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|dc.identifier.citation||NEUROREHABILITATION, v.31, no.4, pp.395 - 399||-|
|dc.description.abstract||The corticospinal tract (CST) is the most important motor tract in the human brain. The authors compared CST fibers of the fingers and toes using diffusion tensor imaging. Eleven normal healthy subjects were recruited for this study. Functional MRI stimulation was performed using finger grasp-release movements and toe flexion-extension movements (1 Hz). CST fibers of the fingers and toes were determined by selecting fibers passing through seed (the CST portion in the pons) and target regions of interest (the activation areas of the cerebral cortex during active finger and toe movements, respectively). No significant differences were observed between CST fibers of the fingers and toes in terms of fractional anisotropy, mean diffusivity, or tract volume (P > 0.05), and no differences were observed between the connectivities of CST fibers of the fingers and toes and the dorsal premotor cortex or the supplementary motor area (P > 0.05). However, the connectivities between CST fibers of legs and the contralateral primary motor cortex were greater than those of CST fibers of the fingers (P < 0.05). It was found that somatotopic CST fibers of the fingers and toes did not differ in terms of diffusion tensor imaging characteristics, but that transcallosal fibers to the contralateral motor cortex were more frequent for CST fibers of the toes than for CST fibers of the fingers.||-|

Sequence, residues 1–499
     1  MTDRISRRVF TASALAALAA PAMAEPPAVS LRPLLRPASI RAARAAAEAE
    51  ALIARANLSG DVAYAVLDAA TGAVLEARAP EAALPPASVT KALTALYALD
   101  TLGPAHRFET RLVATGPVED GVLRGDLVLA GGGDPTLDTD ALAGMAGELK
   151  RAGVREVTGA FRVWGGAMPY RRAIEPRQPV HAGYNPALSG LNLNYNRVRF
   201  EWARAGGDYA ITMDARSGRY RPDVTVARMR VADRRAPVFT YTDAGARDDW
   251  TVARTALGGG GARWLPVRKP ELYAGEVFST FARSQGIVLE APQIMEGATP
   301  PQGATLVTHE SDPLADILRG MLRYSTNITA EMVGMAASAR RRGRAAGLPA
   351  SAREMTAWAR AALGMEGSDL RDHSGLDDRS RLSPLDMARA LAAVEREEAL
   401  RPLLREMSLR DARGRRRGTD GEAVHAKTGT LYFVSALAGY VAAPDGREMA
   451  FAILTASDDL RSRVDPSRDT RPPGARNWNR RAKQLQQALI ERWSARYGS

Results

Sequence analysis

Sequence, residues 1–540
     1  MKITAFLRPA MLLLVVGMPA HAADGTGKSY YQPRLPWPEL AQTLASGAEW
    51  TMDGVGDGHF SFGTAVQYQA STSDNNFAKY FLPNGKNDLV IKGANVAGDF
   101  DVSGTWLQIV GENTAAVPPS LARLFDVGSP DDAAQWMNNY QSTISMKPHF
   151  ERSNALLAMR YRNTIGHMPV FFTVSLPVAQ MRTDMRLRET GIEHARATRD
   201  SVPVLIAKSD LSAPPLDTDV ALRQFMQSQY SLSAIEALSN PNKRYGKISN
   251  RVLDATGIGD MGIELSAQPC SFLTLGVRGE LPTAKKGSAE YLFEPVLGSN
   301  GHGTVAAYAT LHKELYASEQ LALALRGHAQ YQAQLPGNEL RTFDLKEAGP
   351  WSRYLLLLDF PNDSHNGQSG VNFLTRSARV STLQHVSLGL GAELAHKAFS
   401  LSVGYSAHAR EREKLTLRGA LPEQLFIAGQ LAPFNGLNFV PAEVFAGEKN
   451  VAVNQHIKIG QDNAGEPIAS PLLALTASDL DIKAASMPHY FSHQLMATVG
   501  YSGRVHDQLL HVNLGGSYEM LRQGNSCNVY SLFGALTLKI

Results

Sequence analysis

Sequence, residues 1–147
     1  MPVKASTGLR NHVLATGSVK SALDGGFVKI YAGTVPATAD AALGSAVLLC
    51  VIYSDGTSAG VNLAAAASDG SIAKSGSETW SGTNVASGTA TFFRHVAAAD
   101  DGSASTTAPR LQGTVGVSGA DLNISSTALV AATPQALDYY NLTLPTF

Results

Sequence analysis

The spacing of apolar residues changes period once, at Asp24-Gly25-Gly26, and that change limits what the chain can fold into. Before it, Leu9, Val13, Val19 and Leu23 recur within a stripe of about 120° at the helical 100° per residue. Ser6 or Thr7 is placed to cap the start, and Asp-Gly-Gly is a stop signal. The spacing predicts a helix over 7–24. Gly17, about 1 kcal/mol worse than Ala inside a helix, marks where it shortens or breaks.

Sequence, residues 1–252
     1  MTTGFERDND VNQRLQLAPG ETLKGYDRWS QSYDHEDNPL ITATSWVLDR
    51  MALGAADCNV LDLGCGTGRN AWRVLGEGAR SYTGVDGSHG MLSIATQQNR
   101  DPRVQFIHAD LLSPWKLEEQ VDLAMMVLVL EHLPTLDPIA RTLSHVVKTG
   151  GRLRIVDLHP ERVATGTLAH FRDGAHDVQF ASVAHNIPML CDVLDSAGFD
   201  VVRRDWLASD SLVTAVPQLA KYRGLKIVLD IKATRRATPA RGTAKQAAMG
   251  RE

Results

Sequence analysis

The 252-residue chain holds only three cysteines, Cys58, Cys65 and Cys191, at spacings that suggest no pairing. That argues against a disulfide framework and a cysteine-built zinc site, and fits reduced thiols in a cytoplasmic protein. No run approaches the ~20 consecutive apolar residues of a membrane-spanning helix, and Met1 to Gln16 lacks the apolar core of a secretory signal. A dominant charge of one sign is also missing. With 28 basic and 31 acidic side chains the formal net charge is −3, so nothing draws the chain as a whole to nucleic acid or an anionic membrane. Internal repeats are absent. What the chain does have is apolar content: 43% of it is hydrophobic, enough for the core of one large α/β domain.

|dc.title||Differences between the somatotopic corticospinal tract for the fingers and toes in the human brain||-|
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